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United Kingdom 2020
Directed by
Autumn de Wilde
124 minutes
Rated G

Reviewed by
Bernard Hemingway
3.5 stars


Synopsis: In England in the early19th century an idle, upper class young woman (Anya Taylor-Joy) meddles in her friends' romantic affairs with results that despite her good intentions are not what she planned .

As a transposition to the big screen of Jane Austen's much-admired comedy of manners director Autumn de Wilde’s film is splendid, especially so for a feature debut which this is. The costume design, art direction, production design and set direction are all to-die-for. Whether it could have been better dramatically-speaking is a question that needs addressing.

In the lead Anya Taylor-Joy who is in virtually every scene is very good as Austen’s young woman with too much time on her hands as is Mia Goth as her compliant protégé, Harriet Smith (We can see how right was Amy Heckerling’s appropriation of the relationship in Clueless,1995). Indeed, all the women are excellent, skilfully embodying Austen's carefully-wrought portrait of Emma's stultifyingly narrow society. The men fare less well.  It is true that this is largely the fault of Austen’s writing, her male characters, particularly the principals, tending to be generic foils to the much better delineated, more alive, females but whether this should have been preserved is another matter.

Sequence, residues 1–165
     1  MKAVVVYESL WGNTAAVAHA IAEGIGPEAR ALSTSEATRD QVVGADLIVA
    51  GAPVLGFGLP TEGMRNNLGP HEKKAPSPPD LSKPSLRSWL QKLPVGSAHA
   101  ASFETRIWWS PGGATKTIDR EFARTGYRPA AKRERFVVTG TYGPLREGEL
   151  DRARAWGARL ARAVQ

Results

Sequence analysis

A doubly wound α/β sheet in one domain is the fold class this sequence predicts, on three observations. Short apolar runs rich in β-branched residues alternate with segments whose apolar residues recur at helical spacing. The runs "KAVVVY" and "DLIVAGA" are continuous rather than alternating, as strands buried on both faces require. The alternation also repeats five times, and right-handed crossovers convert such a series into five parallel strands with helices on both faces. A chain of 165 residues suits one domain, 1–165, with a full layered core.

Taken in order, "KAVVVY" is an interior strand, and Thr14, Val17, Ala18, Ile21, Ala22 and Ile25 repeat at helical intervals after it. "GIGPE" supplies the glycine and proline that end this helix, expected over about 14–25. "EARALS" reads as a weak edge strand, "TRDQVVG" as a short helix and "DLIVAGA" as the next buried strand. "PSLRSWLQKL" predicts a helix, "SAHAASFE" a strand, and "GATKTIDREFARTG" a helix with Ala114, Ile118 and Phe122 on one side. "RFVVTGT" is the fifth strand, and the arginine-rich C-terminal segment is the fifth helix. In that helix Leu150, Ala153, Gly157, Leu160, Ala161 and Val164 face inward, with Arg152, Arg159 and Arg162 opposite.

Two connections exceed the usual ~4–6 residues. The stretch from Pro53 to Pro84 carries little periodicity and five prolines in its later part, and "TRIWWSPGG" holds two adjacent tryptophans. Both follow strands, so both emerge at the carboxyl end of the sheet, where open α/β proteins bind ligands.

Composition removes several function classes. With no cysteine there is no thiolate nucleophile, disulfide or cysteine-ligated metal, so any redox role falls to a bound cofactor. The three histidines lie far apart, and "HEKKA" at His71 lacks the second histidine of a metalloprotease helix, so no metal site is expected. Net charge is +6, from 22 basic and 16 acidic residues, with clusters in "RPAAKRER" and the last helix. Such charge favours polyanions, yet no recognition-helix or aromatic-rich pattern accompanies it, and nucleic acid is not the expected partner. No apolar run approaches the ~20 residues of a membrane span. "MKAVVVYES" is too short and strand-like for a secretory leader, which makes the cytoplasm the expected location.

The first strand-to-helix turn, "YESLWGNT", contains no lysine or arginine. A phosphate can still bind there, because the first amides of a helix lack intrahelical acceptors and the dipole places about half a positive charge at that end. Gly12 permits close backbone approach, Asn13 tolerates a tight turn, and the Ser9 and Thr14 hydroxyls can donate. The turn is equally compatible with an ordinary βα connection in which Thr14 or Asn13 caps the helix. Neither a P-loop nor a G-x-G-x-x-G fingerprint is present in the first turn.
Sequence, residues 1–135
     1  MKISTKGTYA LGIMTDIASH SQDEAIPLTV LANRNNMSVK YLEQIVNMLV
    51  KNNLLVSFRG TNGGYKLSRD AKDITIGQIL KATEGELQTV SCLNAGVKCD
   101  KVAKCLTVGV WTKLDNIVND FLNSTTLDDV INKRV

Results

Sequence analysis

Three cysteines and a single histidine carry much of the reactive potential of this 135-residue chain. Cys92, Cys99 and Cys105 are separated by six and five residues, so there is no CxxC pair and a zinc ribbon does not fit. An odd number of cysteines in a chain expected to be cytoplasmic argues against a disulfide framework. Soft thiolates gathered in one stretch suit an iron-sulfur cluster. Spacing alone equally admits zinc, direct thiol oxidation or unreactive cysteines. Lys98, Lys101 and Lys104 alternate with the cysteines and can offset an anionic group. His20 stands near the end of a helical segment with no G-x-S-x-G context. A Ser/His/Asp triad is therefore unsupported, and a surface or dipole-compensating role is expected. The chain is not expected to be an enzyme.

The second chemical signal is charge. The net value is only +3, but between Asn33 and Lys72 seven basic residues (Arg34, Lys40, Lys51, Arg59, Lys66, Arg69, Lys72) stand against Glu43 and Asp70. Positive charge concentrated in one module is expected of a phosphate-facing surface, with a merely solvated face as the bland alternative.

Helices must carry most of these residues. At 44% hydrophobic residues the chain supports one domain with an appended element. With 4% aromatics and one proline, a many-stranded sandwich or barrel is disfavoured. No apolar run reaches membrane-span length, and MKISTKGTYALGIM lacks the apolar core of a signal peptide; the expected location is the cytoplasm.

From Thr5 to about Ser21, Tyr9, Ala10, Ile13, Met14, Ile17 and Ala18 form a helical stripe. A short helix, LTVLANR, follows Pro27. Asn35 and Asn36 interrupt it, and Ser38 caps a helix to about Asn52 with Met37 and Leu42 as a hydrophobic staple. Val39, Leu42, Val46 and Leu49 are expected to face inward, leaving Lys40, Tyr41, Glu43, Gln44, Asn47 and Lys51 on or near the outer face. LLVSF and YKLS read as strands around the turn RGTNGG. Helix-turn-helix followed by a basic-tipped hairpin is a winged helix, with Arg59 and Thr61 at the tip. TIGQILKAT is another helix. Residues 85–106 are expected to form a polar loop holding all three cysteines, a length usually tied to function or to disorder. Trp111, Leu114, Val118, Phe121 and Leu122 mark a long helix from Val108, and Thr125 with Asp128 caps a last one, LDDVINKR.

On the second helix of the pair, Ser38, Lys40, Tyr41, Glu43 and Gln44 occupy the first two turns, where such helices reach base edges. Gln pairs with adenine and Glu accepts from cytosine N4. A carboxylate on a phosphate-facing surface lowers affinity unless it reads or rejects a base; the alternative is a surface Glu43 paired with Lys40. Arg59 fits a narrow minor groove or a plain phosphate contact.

I do not know if doing so was a conscious decision on the part of de Wilde and her writer, Eleanor Catton (also making her debut), but not just in terms of characterisation but also casting and performance some strengthening of the male roles in what is a very female-dominated film (and, admittedly, society) would have, for my money at least, improved it.  Mr Elton (Josh O’Connor, his interpretation largely limited to toothy grinning), Mr Knightley (an oddly-tousled and seemingly too young Johnny Flynn) and Frank Churchill (Callum Turner, at best a background figure) are effectively little more than obliging counter-weights to Emma's manoeuverings. Dangerous Liaisons (1988) it is not.  Bill Nighy, his performance one-note, is simply mis-cast as the hypochondriacal Mr Woodhouse.

Making up for the smallness of Emma's world however Christopher Blauvelt's cinematography is irresistibly seductive particularly the exteriors and the visuals are never less than gorgeous (although one might say the running joke of the  back-and-forth parade of red-cloaked 'Madeleine'-like schoolgirls is over-indulged in) but much like Greta Gerwig’s recent Little Women albeit without the feminist revisionism, Emma will appeal more to the fairer sex rather than their male counterparts.




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